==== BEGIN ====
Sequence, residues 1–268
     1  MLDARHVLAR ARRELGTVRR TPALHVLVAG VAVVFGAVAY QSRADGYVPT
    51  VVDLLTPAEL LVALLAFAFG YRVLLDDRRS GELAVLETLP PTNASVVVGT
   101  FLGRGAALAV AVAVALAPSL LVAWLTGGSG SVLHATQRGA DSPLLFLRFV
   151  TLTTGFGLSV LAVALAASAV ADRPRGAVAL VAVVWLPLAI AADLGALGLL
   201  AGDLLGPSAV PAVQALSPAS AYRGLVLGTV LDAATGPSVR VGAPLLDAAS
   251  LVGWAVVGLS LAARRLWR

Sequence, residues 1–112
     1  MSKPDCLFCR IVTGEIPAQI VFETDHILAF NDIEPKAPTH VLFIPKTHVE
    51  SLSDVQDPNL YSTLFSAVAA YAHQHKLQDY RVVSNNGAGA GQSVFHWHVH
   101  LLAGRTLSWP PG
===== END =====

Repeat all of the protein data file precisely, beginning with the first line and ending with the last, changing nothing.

Sequence, residues 1–268
     1  MLDARHVLAR ARRELGTVRR TPALHVLVAG VAVVFGAVAY QSRADGYVPT
    51  VVDLLTPAEL LVALLAFAFG YRVLLDDRRS GELAVLETLP PTNASVVVGT
   101  FLGRGAALAV AVAVALAPSL LVAWLTGGSG SVLHATQRGA DSPLLFLRFV
   151  TLTTGFGLSV LAVALAASAV ADRPRGAVAL VAVVWLPLAI AADLGALGLL
   201  AGDLLGPSAV PAVQALSPAS AYRGLVLGTV LDAATGPSVR VGAPLLDAAS
   251  LVGWAVVGLS LAARRLWR

Sequence, residues 1–112
     1  MSKPDCLFCR IVTGEIPAQI VFETDHILAF NDIEPKAPTH VLFIPKTHVE
    51  SLSDVQDPNL YSTLFSAVAA YAHQHKLQDY RVVSNNGAGA GQSVFHWHVH
   101  LLAGRTLSWP PG